It began as a typical, laid-back summer baseball season in Warrenton, with no practices and a roster fluctuating based on players’ work and vacation schedules.
But it turned into the best American Legion season in Post 72’s history.
The Warrenton Post 72 West team finished as the Virginia state runner-up after winning the District 16 regular season and tournament championships en route to a 19-4 final record. With a team composed of players from the Fauquier, Kettle Run, Highland, Battlefield and Brentsville high school districts, Post 72 West earned a state berth for only the second time in legion history and then topped Warrenton’s fourth-place finish in 1986.
Besides Fauquier and Kettle Run players, “nobody else really knew each other,” Post 72 West coach Kevin Lee said. “I thought it was fun just to see these guys mesh as far as chemistry. We just had a really great roster.”
Post 72 West was composed largely of rising-freshmen and -sophomore college players, giving Warrenton a more experienced and deeper team than usual.
“Really, for the majority of the regular season, our goals simply were to get our guys their reps in, get their work in and report back to their college coaches what they’ve gotten done for the summer,” Lee said. “So our approach is we’re going to have fun. We’re not about over-coaching or grinding too much.”
The relaxed atmosphere, however, didn’t keep Warrenton from advancing to the state championship game, which Vienna Post 180 won at City Stadium in Lynchburg for the second consecutive summer.
“These guys had a great year,” Lee said of his players, “and had a great time doing it.”
They improved greatly after finishing last summer with a 5-9 record, which followed a 9-4 record in 2017, when they ended as the District 16 runner-up.
Last season, Post 72 West often struggled to assemble more than a nine-player starting lineup, but plenty of healthy players turned out this summer. In fact, Warrenton decided to field two teams with its Post 72 East team drawing from Fauquier, Kettle Run, Highland, Patriot and Brentsville, excluding Battlefield because each legion team must draw from high schools that have grade 10-12 populations under 5,000 students combined.
“It seems like legion baseball around here is making a little bit of a comeback,” Lee said.
Warrenton’s East team had more current high school players than the West and finished with a 3-10 record.
“Their record did not reflect how good of a team they were,” Lee said. “A lot of those guys were first-year legion guys ... and some of them were still playing their travel showcase schedules,” which divided their time between different summer teams.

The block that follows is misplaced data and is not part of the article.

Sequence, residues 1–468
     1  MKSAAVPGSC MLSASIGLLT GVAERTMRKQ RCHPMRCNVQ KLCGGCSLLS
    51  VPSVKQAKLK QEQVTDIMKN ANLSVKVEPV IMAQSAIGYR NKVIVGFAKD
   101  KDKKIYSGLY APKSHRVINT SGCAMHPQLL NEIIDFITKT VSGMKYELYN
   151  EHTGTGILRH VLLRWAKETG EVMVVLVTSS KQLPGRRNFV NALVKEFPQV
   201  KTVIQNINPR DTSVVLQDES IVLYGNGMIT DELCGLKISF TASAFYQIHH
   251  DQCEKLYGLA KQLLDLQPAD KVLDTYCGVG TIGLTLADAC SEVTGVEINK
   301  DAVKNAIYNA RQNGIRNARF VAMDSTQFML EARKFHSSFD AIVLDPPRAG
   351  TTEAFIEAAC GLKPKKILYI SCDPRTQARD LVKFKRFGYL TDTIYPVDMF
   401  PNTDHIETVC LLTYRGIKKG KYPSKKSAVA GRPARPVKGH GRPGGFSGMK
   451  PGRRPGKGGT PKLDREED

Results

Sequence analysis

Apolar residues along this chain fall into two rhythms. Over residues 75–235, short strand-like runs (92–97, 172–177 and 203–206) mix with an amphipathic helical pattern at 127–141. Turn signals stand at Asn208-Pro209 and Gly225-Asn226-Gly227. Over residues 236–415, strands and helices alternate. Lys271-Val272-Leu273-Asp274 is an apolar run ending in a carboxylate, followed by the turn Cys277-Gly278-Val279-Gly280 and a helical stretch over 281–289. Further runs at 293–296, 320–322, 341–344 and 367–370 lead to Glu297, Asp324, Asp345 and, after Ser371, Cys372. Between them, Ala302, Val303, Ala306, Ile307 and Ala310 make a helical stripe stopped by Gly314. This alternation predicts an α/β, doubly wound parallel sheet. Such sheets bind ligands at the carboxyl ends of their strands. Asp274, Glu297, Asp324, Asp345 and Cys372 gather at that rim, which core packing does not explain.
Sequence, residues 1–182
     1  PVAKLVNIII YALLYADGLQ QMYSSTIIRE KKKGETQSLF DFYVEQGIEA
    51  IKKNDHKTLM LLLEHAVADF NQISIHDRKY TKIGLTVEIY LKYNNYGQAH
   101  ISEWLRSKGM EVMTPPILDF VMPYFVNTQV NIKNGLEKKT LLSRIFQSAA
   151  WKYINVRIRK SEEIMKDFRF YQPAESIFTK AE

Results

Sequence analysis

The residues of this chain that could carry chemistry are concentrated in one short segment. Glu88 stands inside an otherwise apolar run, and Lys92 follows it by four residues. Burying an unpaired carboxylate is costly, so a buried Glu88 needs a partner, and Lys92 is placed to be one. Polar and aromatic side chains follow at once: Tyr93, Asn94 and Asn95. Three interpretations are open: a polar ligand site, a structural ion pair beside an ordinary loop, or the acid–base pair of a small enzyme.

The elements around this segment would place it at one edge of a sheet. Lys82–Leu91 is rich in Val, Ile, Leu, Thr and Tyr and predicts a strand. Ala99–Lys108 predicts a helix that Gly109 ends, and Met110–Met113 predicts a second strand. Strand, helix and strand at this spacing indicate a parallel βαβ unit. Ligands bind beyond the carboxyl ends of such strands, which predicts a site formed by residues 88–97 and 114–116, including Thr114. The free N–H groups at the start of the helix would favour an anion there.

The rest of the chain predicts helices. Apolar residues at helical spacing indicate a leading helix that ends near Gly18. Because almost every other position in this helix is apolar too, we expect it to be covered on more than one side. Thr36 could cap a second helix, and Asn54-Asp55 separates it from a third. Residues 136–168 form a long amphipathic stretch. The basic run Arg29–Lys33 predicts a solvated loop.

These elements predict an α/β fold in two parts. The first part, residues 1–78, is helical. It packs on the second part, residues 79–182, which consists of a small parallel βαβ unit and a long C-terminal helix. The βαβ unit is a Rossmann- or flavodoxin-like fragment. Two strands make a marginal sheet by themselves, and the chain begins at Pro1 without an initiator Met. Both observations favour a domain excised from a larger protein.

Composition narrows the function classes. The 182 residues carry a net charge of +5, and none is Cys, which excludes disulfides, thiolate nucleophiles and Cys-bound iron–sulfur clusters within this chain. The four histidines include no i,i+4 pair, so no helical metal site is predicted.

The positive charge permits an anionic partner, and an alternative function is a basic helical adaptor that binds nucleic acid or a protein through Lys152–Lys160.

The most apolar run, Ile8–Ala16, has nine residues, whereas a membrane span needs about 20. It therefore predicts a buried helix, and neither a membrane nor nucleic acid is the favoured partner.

Post 72 West also had its typical scheduling conflicts, but the team usually had at least 13 of its 18 players available for a game.
“A lot of these guys depend on the money they make over the summer to help with their college educations,” Lee said. “But they were really good communicating with me about when they weren’t going to be there.”
So Warrenton excelled despite playing as many as five games in four days some weeks.
“That will tax your arms,” Lee said, “but I had plenty of pitching on the roster.”
Warrenton finished with an outstanding 2.94 team ERA, led by a 1.19 from Brentsville’s Mason Posey (George Mason University). He finished 5-0 with 45 strikeouts and a 1.15 WHIP.
Going 3-1 each were Fauquier graduate Cameron Lee (2.30 ERA, 1.43 WHIP, 23 strikeouts) and Kettle Run graduate Nate Mabe (3.74, 1.48, 17), while Fauquier graduate Carson McCusker went 2-0 with a 2.39 ERA, 1.48 WHIP and 23 strikeouts. Kettle Run graduate Zach Ewald added a 3-0 record with a 5.79 ERA, 1.71 WHIP and 20 strikeouts.
Offensively, Battlefield graduate Carter Cunningham led Post 72’s regular batters with a 1.319 OPS, .491 average, 19 RBIs, 10 doubles and two triples, adding 20 runs.
“He’s a great first baseman; a great hitter,” Kevin Lee said. “And he’s really not a pitcher, but he was kind of a stopgap for us.”
Blaze O’Saben, a former Fauquier High shortstop, played outfield for Post 72 after recently switching to that position for the University of Maryland-Baltimore County. He finished this summer with a 1.137 OPS, .381 average, 13 RBIs, 10 runs and six doubles.
Kettle Run graduate Caden DeCroo added a 1.021 OPS, .381 average, 30 runs, 20 walks, 12 RBIs and five doubles, while Brentsville graduate Sam Beard had a 1.018 OPS, 4.13 average, 13 RBIs, and four doubles.
“Just a fantastic ball player,” Lee said.
Battlefield rising senior Peter Benavides, 72 West’s lone current high school player this summer, finished with a .994 OPS, .375 average, 14 RBIs, eight runs and four doubles.
“And he’s just a fantastic defensive catcher,” Lee said.
So Post 72 West lost to only two teams all season, falling twice each to Winchester and Vienna. Warrenton went 3-2 in the double-elimination state tournament despite beginning with a 10-0 loss to Vienna on July 29.
Warrenton followed that game with three consecutive victories to advance to the championship game. That run began with a 5-1 win over McLean Post 270 as Posey struck out 11 and allowed only one run on five hits and two walks over 6 1/3 innings.
“It’s an elimination game and he threw great,” Lee said.
Warrenton then beat Lynchburg Post 16 8-6 before defeating Leesburg Post 34 10-3 to advance to the championship game. In the final, Post 72 West fell behind 4-0 but closed the score to 4-3 before losing 6-4.
Warrenton played those state games at City Stadium in Lynchburg, the same host of the tournament in 1986, when Kevin Lee actually played for Post 72.
“That was cool thing about it,” Lee said of making the trip again in 2019.